We believe that the reasons for continuing supplementary antibody confirmation testing proposed by Avellón et al. may be out of scope for clinical management and may hamper the elimination goals of hepatitis C. First, a 20% of false positive tests is not acceptable for any screening test in the clinical laboratory, and is far beyond the specificity of 3rd and 4th generation FDA cleared and CE marked immunoassays to detect anti-HCV. Second, the statement “the decision to exclude confirmation by RIBA from diagnostic algorithms is partially based on the assumption that a test detecting viremia following a reactive result on an anti-HCV screening test will effectively discard false positive results” is misleading. Reflex testing is not intended to discard any false positive result of anti-HCV; it is intended to diagnose active infection by HCV and to identify and link to care those patients that need and may benefit from treatment. This is the clinical need for clinicians, and is the need to achieve elimination goals. With reflex testing patients, and clinicians, will receive the clinical information they really need, it is not a case of reporting false or true positive results on HCV antibodies. The only room for discrimination between false positive results and cleared HCV infections is clinical and epidemiological research. There is no need of it in clinical practice and with elimination purposes. In our opinion, it is unclear how “false positive result may have significant consequences for the patient in terms of time and cost”, nor “if previous contact with HCV is confirmed, the patient would require prevention advice and continuous monitoring since reinfection could occur”, as this is already recommended by clinical guidelines with annual HCV-RNA testing for all patients with ongoing risk factors for HCV acquisition. Dr. Avellon states that “legitimate demand from all patients to receive information of equal quality on the results obtained with laboratory diagnostic tests that have been prescribed and performed”. However, we believe that the demand of the patient is to be cured, and the goal for Public Health System is to achieve the elimination of hepatitis C, rather than start a debate on if prevalence data are or not “quite far from reality due to the false positive results”.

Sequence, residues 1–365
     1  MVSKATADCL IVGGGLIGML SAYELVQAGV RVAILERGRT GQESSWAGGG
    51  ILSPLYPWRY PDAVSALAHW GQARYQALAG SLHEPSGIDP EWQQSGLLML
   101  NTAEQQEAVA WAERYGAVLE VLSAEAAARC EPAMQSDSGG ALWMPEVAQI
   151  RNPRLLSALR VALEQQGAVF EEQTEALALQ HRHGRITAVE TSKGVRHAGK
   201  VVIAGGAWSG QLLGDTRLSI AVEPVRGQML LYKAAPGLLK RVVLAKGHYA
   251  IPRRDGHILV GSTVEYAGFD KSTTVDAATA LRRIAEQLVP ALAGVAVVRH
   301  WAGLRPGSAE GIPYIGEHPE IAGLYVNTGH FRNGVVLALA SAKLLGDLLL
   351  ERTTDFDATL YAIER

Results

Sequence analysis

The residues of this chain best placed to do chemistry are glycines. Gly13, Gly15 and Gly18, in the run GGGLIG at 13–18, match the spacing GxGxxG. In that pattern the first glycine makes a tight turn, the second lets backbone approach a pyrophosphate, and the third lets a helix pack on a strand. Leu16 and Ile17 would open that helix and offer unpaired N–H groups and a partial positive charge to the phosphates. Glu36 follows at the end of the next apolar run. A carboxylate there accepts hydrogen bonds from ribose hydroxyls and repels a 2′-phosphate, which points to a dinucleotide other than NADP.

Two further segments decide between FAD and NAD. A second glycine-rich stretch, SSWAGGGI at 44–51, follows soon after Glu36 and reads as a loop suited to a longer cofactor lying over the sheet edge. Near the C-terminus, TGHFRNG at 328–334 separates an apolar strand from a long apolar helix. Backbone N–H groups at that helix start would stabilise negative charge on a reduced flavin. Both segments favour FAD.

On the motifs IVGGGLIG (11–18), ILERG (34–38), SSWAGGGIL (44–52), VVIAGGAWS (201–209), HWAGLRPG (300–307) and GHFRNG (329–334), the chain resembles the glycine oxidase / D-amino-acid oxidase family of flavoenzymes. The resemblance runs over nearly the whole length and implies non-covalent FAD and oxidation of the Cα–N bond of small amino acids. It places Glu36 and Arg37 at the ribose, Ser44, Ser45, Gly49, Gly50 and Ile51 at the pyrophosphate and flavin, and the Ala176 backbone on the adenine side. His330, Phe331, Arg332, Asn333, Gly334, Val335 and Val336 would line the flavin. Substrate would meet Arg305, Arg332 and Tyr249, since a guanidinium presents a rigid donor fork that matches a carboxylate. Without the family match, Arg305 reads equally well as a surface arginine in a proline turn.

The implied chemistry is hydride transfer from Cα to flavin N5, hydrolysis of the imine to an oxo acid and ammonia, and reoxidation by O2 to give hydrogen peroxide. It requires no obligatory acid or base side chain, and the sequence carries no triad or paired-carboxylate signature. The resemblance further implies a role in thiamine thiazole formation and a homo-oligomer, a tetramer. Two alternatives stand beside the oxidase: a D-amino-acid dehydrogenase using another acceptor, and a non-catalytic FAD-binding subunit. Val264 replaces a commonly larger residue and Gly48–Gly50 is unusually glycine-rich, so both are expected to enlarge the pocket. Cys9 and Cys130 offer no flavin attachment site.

In conclusion, there is sufficient data to support that using supplementary methods for the confirmation of anti-HCV antibodies should be abandoned in clinical practice in the Spanish network of diagnostic laboratories, as it results in a barrier for appropriate clinical management and for linkage to care, and hampers HCV elimination in Spain.

World Health Organization (WHO).
Draft global health sector strategies. Viral hepatitis, 2016–2021. Global health sector strategy on viral hepatitis 2016–2021. 2016.t.
WHO, (2016),
H. Razavi, Y.S. Gonzalez, A. Pangerl, M. Cornberg.
Global timing of hepatitis C virus elimination: estimating the year countries will achieve the World Health Organization elimination targets.
EASL 2019,
European Association for the Study of the Liver.
EASL recommendations on treatment of hepatitis C 2018.
J Hepatol, 69 (2018), pp. 461-511
AASLD-IDSA. Recommendations for testing, managing, and treating hepatitis C. http://www.hcvguidelines.org [accessed July 2018].
P. Casas, D. Navarro, A. Aguilera, F. García.
A pilot study on the implementation of reflex testing for the diagnosis of active hepatitis C virus infection.
Enferm Infecc Microbiol Clin, 37 (2019), pp. 348-349
M. De La Paz Casas Hidalgo, I. Viciana, N. Montiel, A. De La Iglesia, A. Domínguez, C. Freyre-Carrillo, et al.
Implementación de la estrategia del diagnóstico en un sólo paso de la infección activa por Virus de la Hepatitis C en Andalucía.
Enferm Infecc Microbiol Clin, 36 (2018), pp. 3
F. García, R. Domínguez-Hernández, J.C. Alados, M. Casado, J. Macías, F. Téllez, et al.
La simplificación del proceso de diagnóstico de la hepatitis C crónica es una estrategia coste-efectiva.
Enferm Infecc Microbiol Clin, 37 (2019), pp. 634-641
Diagnóstico de la hepatitis C en un solo paso. Asociación Española para el Estudio del Hígado. Available from: http://aeeh.es/wpcontent/uploads/2016/01/DX1P-AEEH-AEHVE-SEIMC-SEPD-definitivo.pdf [Internet].
Copyright © 2019. Elsevier España, S.L.U. and Sociedad Española de Enfermedades Infecciosas y Microbiología Clínica